‘The Stratford Upon Avon & Midland Junction Railway’ (or S.M.J.) was a small independent railway company which ran a line across the empty, untouched centre of England. It visited the counties of Northamptonshire, Warwickshire, Oxfordshire and a little of Buckinghamshire, only existing as the SMJ from 1909 to 1923. In 1923 the S.M.J.became a minor arm of the London Midland and Scottish (L.M.S.), then in 1948 'British Railways' 

Gone but not forgotten: "the damsel is not dead, but sleepeth"


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SMJ Forum

MORTON PINKNEY LEVEL CROSSING 10 Replies

There was a public level crossing between Blakesley and Morton Pinkney, complete with a gatehouse.Does anyone know how this was operated?Presumably the gates must have been manual and kept closed against road traffic.Early Working Timetables mention…Continue

Started by Barry Taylor. Last reply by Ian Merivale yesterday.

SMJ rides again? Broom to Stratford Greenway Proposal

From Bidford on Avon Parish council comes news of the Avon and Arrow Greenway Project whose latest newsletter is here: August 2020 AAGP…Continue

Started by Simon Stevens on Monday.

Bidford-on-Avon station photos 2 Replies

Hello folks - I'm interested in sourcing any historical photos of Bidford-on-Avon station and wondering if anyone here could help point me in the right direction? (There are a few on…Continue

Started by Greg Wye. Last reply by Greg Wye Aug 30.

Stored coaches 4 Replies

This query arises from a discussion on another site (Disused Railway and Stations around Northamptonshire).There has been recent reference to coaches stored on the SMJ and a statement in Bylines March 12th issue that there were over three hundred…Continue

Started by Alan Brant. Last reply by Ian Mathews Aug 16.

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Helmdon

 

 

 

 

Blisworth
Towcester
Wappenham
Helmdon
Banbury



Helmdon station site 2008


A modest beginning was made with the Northampton and Banbury Junction Railway, authorised in 1863, as a first step. Hopes were raised two years later with an Act authorising an extension westwards to Chipping Norton and Blockley, and in the next year, 1866, a further extension was authorised which would have taken the line to Ross-on-Wye. Like so many proposed schemes of that time, the financial crisis of that year put an end to such speculative schemes, leaving the N & BJR on which work had started, high and dry.


 


The goods shed and trackbed - 2008


The railway reached neither Northampton nor Banbury over its own metals but obtained running powers over the L & NWR’s line from Blisworth to Northampton and from Cockley Brake Junction to Banbury over the L & NWR’s line from Verney Junction. The first section opened to Towcester on 1st May 1863. The contractors were Aird & Son; there was one intermediate station at Tiffield, which seems to have been a very simple one-platform affair. The extension to Cockley Brake took another six years to complete because of financial problems. There were two stations on this section, Wappenham and Helmdon, both of which were opened to goods traffic in August 1871. These too had single platforms, but were equipped with passing loops.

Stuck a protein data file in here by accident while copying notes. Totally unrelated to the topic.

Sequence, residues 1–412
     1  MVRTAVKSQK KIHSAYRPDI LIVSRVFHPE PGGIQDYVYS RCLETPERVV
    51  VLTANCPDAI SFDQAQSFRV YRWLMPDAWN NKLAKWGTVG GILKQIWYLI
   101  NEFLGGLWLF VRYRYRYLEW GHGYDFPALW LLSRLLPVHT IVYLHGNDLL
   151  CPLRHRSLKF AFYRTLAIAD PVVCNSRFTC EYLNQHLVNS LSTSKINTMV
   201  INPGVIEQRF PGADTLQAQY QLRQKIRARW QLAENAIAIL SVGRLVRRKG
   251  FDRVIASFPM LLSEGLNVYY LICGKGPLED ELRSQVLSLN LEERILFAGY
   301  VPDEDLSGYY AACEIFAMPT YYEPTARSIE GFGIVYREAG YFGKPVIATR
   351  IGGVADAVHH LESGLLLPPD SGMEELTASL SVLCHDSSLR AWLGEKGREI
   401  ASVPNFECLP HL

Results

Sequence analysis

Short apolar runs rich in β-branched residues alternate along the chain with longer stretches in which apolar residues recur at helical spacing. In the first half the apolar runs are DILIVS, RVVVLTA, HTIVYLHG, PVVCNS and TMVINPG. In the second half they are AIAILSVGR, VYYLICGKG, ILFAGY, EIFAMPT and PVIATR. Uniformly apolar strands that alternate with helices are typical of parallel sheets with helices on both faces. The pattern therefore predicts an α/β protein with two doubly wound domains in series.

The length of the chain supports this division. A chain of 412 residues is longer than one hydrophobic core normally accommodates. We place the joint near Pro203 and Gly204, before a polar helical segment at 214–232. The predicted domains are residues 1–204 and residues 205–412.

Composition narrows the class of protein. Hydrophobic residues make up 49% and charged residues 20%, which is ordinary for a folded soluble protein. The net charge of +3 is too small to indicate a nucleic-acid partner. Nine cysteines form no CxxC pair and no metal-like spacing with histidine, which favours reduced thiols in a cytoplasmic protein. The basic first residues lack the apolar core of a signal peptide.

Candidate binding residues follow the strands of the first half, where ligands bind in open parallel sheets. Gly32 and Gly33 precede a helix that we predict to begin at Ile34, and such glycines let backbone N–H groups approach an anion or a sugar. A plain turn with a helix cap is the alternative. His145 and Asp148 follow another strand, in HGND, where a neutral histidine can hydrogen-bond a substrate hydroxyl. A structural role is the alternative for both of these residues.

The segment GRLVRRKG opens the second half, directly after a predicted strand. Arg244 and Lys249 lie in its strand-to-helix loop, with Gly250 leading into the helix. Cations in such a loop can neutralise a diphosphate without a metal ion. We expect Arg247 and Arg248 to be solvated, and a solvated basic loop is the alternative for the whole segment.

Helmdon even boasted a brick built goods shed . The line was opened throughout on 1st July 1872. To start with trains were worked by locomotives bought second hand from the L &NWR, but a hiring arrangement was made with the latter Company in 1875, thereby saving the N & BJR the cost of maintaining their own servicing facilities at Blisworth or Banbury. The track was well laid with bullhead rail, similar to that of the L & NWR. The following 3 links come with thanks from Helmdon.com



Cockley Brake


The N&B didn't run to Banbury over it's own 'metals' joining the L&NWR at a junction known as 'Cocley Brake'. There was one intermediate station at Farthinghoe.



Cockley Brake signal box from passing train. Casserlly


 
Find more photos like this on "The Unofficial SMJ Society" at www.smj.me

 

 

 

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Comment by Si Donal on November 4, 2009 at 22:06
There are two excellent photographs of Heldon (Bottom) station in the Picture Gallery at the Helmdon Village Website.

Pictures 1 and 18 are the relevent pictures.

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